A copy of the Court's order is below:

Order Cert Class


Jury: Former Ambassador Must Return $700,000 To Stanford Receiver

A federal jury found that a former U.S. Ambassador to Ecuador must return more than $700,000 in compensation he received as an employee of Allen Stanford's massive $7 billion Ponzi scheme.  The case brought by a court-appointed receiver against Peter Romero, of St. Michaels, Maryland, was seen as a test case for more than a dozen similar trials scheduled for 2015 and 2016 against those who received transfers from Stanford's scheme either as an employee or investor.  Stanford is currently serving a 110-year prison sentence at a high-security Florida federal prison.

Romero worked at the State Department during the Clinton administration who, after leaving the State Department, subsequently signed on to work for Stanford as a consultant in the early 2000's.  According to the receiver, Romero's primary role was to recruit new investors to the scheme - trading on "his prior government service to become an ambassador for Allen Stanford." Romero traveled all over the world, interacting with media outlets as well as current and potential clients.  In addition to working with Stanford's marketing operations, Romero's activities included radio interviews and appearances to give speeches.  

The Court-appointed receiver, Ralph Janvey. originally sued Romero in February 2011 for the return of nearly $600,000 in compensation, and subsequently amended the suit to increase the amount sought to nearly $1 million.  Janvey alleged that Romero allowed Stanford to attract potential investors and curry favor with politicians by leveraging his reputation and government contacts.  Janvey has also recently alleged that Romero willfully destroyed evidence of his relationship with Stanford by deleting the email account he used to communicate with Stanford in the days following the revelation of the scheme in 2009.  Romero's lawyers denied Janvey's allegations, instead attempting to satisfy their affirmative defenses under TUFTA by alleging that "Romero was a good-faith transferee whose services as a member of the Stanford International Advisory Board for market-rate compensation constituted reasonably equivalent value."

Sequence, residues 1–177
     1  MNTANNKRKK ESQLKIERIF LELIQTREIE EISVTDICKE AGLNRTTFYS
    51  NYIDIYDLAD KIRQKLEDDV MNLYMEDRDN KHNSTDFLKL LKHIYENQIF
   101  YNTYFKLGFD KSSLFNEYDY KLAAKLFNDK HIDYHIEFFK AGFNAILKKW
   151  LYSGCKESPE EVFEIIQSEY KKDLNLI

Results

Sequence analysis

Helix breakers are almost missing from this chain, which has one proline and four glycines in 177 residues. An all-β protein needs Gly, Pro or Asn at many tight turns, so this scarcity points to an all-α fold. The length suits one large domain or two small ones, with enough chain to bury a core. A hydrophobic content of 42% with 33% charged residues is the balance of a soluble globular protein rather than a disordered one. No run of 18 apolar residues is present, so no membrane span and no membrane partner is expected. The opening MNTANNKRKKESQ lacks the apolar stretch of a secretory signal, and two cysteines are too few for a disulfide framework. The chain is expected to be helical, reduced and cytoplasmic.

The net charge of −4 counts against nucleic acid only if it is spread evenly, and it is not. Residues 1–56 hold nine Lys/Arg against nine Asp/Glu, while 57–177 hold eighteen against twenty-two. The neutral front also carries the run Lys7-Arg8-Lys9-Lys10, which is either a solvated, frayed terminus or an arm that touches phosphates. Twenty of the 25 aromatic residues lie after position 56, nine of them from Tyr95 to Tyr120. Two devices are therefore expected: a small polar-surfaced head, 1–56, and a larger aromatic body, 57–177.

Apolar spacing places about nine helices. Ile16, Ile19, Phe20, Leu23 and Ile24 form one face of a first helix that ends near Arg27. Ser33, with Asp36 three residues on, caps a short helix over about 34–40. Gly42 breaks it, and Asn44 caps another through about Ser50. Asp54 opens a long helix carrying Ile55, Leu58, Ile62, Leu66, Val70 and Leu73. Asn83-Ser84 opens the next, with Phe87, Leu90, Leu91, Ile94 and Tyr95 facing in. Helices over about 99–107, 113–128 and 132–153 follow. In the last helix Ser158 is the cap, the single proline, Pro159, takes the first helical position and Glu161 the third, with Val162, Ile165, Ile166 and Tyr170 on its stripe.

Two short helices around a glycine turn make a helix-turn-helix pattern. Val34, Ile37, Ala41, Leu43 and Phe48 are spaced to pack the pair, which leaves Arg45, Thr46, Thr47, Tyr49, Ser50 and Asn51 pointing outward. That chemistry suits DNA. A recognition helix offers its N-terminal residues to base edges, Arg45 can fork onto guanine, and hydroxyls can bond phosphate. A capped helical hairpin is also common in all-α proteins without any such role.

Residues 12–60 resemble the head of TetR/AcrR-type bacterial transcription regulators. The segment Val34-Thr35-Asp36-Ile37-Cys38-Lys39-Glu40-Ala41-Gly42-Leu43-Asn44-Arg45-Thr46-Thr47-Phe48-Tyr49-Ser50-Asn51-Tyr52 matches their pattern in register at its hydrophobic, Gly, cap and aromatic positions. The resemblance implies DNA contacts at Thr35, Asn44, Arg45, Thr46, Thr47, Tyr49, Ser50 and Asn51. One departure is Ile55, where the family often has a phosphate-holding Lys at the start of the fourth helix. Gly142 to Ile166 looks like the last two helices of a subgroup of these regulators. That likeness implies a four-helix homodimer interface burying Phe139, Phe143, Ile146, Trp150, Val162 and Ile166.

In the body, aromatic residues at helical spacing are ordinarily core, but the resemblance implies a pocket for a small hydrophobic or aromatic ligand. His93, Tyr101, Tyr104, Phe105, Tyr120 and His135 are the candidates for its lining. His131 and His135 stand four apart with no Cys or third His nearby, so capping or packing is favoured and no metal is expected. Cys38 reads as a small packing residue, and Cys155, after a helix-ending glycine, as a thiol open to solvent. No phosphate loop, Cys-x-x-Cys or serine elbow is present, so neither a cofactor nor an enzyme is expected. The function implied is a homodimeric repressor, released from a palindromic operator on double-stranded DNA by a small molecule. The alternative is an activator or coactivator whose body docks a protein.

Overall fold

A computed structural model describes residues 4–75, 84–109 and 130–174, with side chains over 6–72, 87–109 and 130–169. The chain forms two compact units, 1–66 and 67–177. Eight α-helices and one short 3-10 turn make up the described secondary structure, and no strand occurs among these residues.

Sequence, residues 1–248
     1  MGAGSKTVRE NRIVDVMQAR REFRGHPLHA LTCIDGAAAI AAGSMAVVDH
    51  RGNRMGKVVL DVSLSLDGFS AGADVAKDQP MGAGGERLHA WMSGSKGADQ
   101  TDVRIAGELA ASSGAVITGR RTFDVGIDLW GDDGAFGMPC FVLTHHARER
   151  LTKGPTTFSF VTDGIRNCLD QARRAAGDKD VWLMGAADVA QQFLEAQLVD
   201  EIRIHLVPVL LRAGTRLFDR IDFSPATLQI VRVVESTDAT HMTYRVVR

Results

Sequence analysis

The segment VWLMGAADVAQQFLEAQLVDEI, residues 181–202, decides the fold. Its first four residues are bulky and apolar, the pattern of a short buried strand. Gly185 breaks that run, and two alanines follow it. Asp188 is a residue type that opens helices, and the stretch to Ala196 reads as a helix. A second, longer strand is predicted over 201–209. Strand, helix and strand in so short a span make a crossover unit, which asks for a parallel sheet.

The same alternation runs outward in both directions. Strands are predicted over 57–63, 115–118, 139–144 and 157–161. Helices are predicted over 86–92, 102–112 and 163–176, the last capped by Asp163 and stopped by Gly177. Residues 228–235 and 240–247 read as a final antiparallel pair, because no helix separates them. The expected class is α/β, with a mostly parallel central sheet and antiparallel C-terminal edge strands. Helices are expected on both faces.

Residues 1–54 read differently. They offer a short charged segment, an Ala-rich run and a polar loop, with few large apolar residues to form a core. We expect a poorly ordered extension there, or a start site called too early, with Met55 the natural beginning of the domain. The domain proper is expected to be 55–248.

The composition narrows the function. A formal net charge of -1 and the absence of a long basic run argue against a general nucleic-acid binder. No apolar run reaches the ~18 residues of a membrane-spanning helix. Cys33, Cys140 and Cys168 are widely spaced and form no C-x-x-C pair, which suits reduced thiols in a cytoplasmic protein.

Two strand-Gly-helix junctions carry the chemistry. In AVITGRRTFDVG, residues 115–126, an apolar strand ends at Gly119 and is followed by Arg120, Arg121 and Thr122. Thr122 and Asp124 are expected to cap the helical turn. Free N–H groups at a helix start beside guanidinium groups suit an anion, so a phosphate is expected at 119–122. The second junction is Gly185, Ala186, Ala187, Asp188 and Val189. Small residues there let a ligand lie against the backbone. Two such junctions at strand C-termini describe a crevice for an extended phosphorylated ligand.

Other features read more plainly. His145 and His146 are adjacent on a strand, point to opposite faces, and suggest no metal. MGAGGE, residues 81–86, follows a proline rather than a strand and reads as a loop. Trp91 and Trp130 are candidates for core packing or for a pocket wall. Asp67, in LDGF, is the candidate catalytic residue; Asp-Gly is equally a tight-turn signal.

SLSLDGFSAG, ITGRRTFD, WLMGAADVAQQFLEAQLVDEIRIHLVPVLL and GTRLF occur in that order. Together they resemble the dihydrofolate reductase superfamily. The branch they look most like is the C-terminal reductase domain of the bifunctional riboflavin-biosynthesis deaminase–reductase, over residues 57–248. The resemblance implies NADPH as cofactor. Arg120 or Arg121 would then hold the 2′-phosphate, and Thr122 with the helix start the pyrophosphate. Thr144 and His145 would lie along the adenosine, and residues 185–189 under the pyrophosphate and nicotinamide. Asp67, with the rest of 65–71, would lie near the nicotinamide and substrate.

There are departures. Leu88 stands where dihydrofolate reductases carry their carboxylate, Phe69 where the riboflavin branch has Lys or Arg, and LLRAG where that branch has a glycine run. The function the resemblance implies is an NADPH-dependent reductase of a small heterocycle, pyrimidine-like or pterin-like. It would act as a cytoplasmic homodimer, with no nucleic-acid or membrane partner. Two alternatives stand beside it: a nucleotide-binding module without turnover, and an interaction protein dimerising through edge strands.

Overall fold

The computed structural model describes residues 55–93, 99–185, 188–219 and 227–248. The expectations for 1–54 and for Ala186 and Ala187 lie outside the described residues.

Following the close of testimony, the Receiver, Ralph Janvey, submitted a Motion for Judgment as Matter of Law ("Motion for Judgment") seeking a judgment of more than $1 million: $725,000 in compensation from a Stanford entity, nearly $377,000 in investment redemptions, and almost $34,000 in expense reimbursements.  While the jury decided that Romero was required to return his compensation, they did rule in his favor in deciding that he was not liable for the return of the approximately $377,000 in redeemed investments before the collapse of Stanford's scheme in 2009.